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    Alex is correct, the Chilean M1912 is the most common of the rifles. $400 for an NRA excellent (100% original 98% comdition) is bargain and a half.

    Tens of thousands of Mexican and Columbian M1912's were made, but few were delivered because the start of WW I in 1914 interrupted international shipping and trade. Eventually, the Mexican and Columbian M1912 long reifles and carbines were purchased into Austro-Hungarian Army services and served well thoughout the war in their original 7x57mm caliber. Most were acquired by Yugoslavia after the war. Then, in a tragic example of state-sponsored Bubbalism, all were converted to 7.9 mm short rifles and re-nomenclatured the "M.1924b". In many years of collecting in the US, I have personally seen only two decent Mexican M.1912's and never a Columbian. Both Mexican rifles had seen Austro-Hungarian Army service and featured the large Steyr M.1895 straight pull rifle's lower sling swivel. One was clearly unit marked to an Austro-Hungarian Landsturm battalion. Mexican receivers in A/H service tend to be blued...based on very few examples reported. Late manufactured M1912's have no crest on the receivers, instead, as does an example at the US Ordnance Museum in Maryland, they have a simple "1914" date in the top middle of the receiver ring.

    If you even see one, grab it and don't let go!
    Regards,
    John

    PS: No need for a serial number survey. All Steyr rifles, Mauser, Mannlicher and earlier, are published in two stickies in the Gunboards Steyr-Mannlicher Forum. You'll find them listed by year, model and production quantities.
    Last edited by John Wall; 01-22-2008 at 08:13 AM.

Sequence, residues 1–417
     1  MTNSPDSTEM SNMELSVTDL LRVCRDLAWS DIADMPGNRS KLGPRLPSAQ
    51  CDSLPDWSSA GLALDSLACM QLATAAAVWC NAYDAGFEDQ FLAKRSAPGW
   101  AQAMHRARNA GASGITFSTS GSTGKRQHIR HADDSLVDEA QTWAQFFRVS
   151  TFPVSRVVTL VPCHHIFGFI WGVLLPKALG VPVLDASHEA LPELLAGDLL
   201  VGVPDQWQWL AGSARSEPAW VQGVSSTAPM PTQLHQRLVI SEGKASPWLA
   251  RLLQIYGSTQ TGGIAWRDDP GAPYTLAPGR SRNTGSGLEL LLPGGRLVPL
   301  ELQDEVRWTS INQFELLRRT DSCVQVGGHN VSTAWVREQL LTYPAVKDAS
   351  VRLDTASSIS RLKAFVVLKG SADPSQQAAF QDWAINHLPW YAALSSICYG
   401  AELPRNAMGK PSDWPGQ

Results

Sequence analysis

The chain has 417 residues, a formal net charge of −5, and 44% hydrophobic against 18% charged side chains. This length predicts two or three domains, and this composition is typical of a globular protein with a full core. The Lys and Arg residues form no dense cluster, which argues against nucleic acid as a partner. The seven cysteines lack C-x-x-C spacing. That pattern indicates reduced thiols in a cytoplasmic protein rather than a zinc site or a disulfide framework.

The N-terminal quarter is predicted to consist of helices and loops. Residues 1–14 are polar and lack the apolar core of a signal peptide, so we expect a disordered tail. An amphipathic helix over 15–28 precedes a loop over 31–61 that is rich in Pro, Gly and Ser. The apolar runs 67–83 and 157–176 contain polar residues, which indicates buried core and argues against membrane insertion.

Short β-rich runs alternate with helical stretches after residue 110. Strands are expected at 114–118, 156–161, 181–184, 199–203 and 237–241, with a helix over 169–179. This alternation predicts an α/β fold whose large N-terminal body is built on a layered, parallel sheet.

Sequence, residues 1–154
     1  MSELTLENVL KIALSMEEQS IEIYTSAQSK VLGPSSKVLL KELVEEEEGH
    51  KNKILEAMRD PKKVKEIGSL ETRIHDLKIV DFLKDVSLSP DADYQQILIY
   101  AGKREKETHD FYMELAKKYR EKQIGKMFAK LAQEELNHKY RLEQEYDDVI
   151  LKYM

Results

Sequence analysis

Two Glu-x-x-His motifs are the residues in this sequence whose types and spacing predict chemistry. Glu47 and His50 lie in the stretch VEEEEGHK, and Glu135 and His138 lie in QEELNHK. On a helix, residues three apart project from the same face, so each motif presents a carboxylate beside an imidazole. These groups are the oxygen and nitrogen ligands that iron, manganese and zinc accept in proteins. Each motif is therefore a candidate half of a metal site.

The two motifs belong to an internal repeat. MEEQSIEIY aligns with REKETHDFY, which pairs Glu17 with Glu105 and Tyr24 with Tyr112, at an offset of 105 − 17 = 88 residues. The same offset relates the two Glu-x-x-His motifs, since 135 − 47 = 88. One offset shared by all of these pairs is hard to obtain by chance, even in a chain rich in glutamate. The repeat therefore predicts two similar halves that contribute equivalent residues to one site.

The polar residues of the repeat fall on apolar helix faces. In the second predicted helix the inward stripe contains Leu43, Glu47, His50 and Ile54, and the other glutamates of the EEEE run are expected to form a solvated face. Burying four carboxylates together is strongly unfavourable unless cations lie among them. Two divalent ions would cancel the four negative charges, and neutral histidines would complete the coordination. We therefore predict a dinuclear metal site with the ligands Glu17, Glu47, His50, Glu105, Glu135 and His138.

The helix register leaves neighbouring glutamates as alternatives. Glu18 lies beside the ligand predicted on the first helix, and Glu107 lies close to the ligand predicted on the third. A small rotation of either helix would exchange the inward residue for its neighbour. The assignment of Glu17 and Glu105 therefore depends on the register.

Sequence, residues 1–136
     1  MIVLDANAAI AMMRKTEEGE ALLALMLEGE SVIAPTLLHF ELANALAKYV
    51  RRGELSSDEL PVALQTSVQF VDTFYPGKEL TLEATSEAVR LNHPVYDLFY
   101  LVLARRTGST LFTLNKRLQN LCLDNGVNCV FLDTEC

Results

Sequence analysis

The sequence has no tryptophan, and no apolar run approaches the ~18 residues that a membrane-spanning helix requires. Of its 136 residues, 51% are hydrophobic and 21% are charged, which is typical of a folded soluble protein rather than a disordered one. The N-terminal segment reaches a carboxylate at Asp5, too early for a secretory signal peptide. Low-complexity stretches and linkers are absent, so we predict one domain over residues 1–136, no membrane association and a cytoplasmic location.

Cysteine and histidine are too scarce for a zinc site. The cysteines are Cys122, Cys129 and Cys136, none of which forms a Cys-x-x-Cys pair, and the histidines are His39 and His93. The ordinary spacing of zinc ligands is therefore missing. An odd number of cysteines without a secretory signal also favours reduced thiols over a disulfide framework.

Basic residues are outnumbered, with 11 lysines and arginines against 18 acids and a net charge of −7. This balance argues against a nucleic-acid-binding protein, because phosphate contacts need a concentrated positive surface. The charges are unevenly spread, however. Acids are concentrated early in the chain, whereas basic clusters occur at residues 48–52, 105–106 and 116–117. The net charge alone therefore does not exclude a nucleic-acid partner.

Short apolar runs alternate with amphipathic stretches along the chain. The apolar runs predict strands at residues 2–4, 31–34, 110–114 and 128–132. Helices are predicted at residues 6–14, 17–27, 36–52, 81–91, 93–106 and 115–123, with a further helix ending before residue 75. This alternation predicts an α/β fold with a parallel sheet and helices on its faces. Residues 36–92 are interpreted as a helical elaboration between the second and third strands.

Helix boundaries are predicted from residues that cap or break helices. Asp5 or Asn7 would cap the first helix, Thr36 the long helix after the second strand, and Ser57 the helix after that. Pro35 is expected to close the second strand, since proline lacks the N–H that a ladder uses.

6. #6
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    Dec 1969
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    1,813

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    Footdoc and Beanstrung, those are some fantastic looking rifles. The Chilean 1912 is definitely on my wish list...

  7. #7
    Join Date
    Dec 1969
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    163

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    According to the sticky on the Mannlicher forum, all 43,107 Chilean model 1912 were manufactured during 1912-1913. I assume this number includes both the 1912 long and short rifles? I wonder what the number of short rifles manufactured would be compared to long ones?
    Ken
    "One can live without candy, but one cannot live without bullets."
    Kim Jong Il

  8. #8
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    Dec 1969
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    Arizona
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    How are the barrels marked? Ever have one out of the stock? Any Steyr logo's or company markings?

    Quote Originally Posted by John Wall View Post
    If you even see one, grab it and don't let go!
    Regards,
    John

    PS: No need for a serial number survey. All Steyr rifles, Mauser, Mannlicher and earlier, are published in two stickies in the Gunboards Steyr-Mannlicher Forum. You'll find them listed by year, model and production quantities.

  9. #9
    John Wall's Avatar